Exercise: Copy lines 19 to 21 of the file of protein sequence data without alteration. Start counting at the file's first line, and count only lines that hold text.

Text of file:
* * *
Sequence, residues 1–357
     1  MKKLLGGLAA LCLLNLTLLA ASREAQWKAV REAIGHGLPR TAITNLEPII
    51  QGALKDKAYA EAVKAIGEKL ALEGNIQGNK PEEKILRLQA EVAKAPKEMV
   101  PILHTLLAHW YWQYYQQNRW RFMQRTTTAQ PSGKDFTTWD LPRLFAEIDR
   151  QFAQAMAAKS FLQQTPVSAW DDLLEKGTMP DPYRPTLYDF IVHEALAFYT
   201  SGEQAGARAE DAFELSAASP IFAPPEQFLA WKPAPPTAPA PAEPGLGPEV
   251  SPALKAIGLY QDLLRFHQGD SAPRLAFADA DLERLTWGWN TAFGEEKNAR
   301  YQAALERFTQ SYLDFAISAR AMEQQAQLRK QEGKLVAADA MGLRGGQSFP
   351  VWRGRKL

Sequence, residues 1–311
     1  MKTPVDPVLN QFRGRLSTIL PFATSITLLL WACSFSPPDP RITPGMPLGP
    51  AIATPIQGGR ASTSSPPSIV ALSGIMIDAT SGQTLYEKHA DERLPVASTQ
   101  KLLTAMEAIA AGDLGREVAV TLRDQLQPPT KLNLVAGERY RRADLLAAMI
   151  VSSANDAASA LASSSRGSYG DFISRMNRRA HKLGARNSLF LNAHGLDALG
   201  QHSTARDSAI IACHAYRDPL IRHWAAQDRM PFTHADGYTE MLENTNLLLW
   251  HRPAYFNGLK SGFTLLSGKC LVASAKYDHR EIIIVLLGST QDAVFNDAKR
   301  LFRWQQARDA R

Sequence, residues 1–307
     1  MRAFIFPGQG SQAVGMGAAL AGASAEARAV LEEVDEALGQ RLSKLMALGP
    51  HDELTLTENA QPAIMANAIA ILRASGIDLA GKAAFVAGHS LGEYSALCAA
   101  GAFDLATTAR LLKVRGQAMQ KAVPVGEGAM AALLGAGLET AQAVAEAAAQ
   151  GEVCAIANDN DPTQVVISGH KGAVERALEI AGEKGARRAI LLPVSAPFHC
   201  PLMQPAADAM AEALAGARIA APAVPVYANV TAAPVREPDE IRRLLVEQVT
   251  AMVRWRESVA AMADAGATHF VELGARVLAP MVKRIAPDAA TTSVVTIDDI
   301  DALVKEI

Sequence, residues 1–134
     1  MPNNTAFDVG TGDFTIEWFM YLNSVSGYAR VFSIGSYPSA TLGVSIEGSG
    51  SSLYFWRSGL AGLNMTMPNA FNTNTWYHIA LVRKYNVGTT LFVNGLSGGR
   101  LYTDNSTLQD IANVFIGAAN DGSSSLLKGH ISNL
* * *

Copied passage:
     1  MRAFIFPGQG SQAVGMGAAL AGASAEARAV LEEVDEALGQ RLSKLMALGP
    51  HDELTLTENA QPAIMANAIA ILRASGIDLA GKAAFVAGHS LGEYSALCAA
   101  GAFDLATTAR LLKVRGQAMQ KAVPVGEGAM AALLGAGLET AQAVAEAAAQ